Govt working to ease burden of locals investing in training for O&G sector

Welding onboard the Liza Destiny floating production storage and offloading (FPSO) – Guyana’s first oil development

Head of the Local Content Secretariat, Martin Pertab has disclosed that they are working with operators in the oil and gas industry to provide training for local persons and suppliers so that they can be deemed eligible to benefit from opportunities in the petroleum sector.

Speaking at a seminar hosted on “Opportunities for the Diaspora in Guyana’s New Economy”, Pertab highlighted the work they have been doing to get operators in the sector in line with the legislation so that Guyanese persons and companies can benefit from the industry.

This, he explained, is as a result of locals, especially suppliers, complaining of the burden they incur in training persons, who eventually leave to join the big operators in the petroleum sector.

“One of the complaints from several of our suppliers is that, for example, in the welding and fabrication, training is a huge burden. What happens is that these locals would have to invest in training; they would have to invest in bringing Guyanese up to standards where the sub-contractors would deem them eligible. But then the complaint is that the same employees would leave to join sub-contractors so there is no way for locals to recoup that investment,” he pointed out.

According to Pertab, they have been pushing for the operators to provide training not only for employees but local suppliers as well in order to offset that burden and investment in training. This provision is outlined in the Local Content legislation that was passed in the National Assembly in December.

“We have tens of thousands of local suppliers who are interested in providing the services but they don’t have the kind of standards that these companies would deem them eligible for them to participate. So, what we’ve said to them is that you have to provide training for our locals to ensure that you yourself would consider them eligible so they can participate in the procurement process and that is under our objective of boosting local participation [in the oil and gas sector].”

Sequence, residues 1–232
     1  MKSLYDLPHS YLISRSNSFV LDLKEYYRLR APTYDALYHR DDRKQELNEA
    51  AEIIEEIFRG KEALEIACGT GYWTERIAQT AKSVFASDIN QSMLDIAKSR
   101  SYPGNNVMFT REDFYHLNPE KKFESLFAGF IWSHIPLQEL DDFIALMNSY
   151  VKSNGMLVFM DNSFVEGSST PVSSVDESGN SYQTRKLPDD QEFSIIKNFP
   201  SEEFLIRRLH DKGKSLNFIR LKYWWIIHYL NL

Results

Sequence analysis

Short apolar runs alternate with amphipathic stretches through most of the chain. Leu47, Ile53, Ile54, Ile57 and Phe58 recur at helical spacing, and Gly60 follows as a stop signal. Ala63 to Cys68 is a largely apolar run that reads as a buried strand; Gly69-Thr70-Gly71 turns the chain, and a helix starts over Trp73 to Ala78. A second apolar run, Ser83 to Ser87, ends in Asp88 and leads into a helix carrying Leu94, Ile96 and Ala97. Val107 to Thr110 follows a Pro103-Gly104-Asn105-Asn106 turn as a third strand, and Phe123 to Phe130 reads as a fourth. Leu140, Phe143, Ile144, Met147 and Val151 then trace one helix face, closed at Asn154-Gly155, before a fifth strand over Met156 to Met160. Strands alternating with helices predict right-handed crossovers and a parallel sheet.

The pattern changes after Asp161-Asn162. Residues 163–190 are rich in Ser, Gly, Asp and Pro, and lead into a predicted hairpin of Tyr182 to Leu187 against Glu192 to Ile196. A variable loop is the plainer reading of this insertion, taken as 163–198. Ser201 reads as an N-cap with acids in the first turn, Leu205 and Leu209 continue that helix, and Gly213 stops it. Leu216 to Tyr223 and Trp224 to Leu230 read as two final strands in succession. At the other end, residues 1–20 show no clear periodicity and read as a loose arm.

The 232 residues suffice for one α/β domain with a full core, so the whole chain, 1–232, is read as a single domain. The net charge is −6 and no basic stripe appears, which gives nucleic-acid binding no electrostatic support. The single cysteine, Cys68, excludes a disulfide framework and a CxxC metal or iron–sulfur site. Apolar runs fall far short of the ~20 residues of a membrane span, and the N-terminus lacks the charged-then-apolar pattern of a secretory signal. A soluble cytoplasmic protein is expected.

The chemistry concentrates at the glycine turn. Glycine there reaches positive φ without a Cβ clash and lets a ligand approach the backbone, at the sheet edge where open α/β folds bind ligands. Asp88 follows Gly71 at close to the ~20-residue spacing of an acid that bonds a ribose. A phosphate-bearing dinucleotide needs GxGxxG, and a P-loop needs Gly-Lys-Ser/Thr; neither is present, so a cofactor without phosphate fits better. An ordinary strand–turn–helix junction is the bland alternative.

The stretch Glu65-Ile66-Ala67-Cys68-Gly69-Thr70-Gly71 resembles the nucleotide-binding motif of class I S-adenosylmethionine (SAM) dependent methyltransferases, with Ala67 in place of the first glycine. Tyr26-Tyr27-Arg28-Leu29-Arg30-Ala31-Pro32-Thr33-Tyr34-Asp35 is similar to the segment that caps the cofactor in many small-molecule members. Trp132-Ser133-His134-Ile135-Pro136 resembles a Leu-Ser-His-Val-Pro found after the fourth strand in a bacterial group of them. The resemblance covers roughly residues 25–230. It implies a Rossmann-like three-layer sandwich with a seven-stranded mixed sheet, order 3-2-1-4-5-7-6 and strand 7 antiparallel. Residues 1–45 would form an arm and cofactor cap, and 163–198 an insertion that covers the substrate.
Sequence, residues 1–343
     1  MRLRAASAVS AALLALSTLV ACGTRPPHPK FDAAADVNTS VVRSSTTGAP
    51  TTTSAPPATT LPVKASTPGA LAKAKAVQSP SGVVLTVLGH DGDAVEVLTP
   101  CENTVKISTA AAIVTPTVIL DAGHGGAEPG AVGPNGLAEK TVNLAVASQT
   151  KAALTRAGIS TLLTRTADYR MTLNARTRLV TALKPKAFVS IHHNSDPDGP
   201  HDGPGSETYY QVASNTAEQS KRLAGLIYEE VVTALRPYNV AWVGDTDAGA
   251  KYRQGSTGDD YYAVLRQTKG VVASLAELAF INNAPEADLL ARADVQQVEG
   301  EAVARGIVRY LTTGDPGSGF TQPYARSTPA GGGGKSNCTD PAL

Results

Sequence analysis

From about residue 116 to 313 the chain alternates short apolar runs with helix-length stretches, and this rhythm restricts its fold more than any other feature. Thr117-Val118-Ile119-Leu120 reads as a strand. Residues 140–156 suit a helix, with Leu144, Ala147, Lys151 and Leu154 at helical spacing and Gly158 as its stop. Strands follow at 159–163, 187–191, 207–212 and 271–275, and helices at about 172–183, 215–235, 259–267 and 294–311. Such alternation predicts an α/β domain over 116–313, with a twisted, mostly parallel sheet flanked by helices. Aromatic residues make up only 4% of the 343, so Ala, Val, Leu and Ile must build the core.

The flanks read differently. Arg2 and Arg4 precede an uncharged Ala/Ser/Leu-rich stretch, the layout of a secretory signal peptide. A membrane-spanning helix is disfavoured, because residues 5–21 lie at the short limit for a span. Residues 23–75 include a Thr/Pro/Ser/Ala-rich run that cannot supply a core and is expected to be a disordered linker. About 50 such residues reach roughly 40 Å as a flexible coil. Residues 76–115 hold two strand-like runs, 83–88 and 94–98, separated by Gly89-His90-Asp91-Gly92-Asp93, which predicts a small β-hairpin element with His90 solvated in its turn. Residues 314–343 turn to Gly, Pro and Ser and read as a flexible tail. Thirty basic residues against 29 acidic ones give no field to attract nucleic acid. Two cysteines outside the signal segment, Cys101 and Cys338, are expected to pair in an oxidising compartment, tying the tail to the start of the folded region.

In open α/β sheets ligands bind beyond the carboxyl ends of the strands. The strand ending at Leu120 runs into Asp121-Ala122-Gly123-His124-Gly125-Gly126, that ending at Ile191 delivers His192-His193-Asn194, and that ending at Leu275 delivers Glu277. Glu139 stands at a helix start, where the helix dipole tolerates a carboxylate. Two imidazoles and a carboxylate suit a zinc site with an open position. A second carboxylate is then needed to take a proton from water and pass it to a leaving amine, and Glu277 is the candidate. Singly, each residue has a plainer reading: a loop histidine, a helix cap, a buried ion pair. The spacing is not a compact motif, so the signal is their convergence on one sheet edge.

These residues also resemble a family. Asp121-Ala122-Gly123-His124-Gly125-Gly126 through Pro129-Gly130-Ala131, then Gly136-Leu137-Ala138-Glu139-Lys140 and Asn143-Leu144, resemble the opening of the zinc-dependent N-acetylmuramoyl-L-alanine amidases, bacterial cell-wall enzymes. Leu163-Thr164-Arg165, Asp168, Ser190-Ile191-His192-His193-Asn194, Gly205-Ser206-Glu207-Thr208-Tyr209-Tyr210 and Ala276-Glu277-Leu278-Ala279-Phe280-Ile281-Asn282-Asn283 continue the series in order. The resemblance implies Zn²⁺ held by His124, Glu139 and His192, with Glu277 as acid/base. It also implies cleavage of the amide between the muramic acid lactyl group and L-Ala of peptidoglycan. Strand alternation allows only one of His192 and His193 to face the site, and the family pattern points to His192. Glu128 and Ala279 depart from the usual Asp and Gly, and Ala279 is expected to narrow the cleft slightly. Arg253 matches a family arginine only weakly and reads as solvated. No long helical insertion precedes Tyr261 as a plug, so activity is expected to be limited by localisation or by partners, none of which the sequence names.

“These companies are requiring experience, and we can’t get the experience if we can’t get the work. So, the idea is to have them make the first move to have to provide training whether in-person or through mentorship to our locals who are interested and of course, to our local suppliers,” he noted.

The Local Content Secretariat, which was set up in February, allows Guyanese and Guyanese-owned businesses to register their businesses and their individual skill sets. This is so there is a ready-made pool of skills and services to draw from when opportunities become available in the sector.

There are two portals for registration, which are ongoing. One register deals with supplier registration and the other deals with employment registration. Applicants have the option of submitting their applications in either electronic or hardcopy form. Once their applications are submitted, applicants will receive an acknowledgment of receipt and a reference number, after which a review process will start.

After conducting the necessary checks and balances, the Secretariat will either approve the application and issue a Certificate of Registration or refuse the application and notify the applicant. Once an application is approved and a Certificate of Registration granted, the applicant will be issued with log in credentials to gain access to either the Supplier Registration Portal or the Employment Portal.

The Local Content Secretariat will then communicate available procurement and employment opportunities to registered Guyanese suppliers and those seeking employment, respectively. This, they noted, will be done through the respective portals.

According to the Local Content Act passed last year, oil and gas companies operating in Guyana, as well their contractors and sub-contractors must procure from Guyanese companies by the end of 2022, 90 per cent of office space rental and accommodation services; 90 per cent of janitorial services, laundry and catering services; 95 per cent pest control services; 100 per cent local insurance services; 75 per cent local supply of food; and 90 per cent local accounting services. These are just some of the 40 different services outlined in the first schedule.

Currently, the Secretariat is in the process of receiving and reviewing the local content plans of operators in the local oil and gas industry.

According to the Local Content Secretariat Head, based on the plans being submitted by contractors, they are surprised at the kind of skill sets that are needed by operators and sub-contractors in the petroleum sector.

“I’ve been quite surprised to see the kind of skill set that is needed. The bulk so far hasn’t been what we’ve anticipated and that information will be presented so that we can have a discussion with [the Ministry of] Labour and all the other major stakeholders on how do we address this and how do we put proper systems [and] measures in place to ensure that our locals are up to standards in terms of reaching the criteria that would deem them eligible to participate,” Pertab stated.

He further outlined that the Secretariat is also trying to address other issues such as access to financing for Guyanese businesses.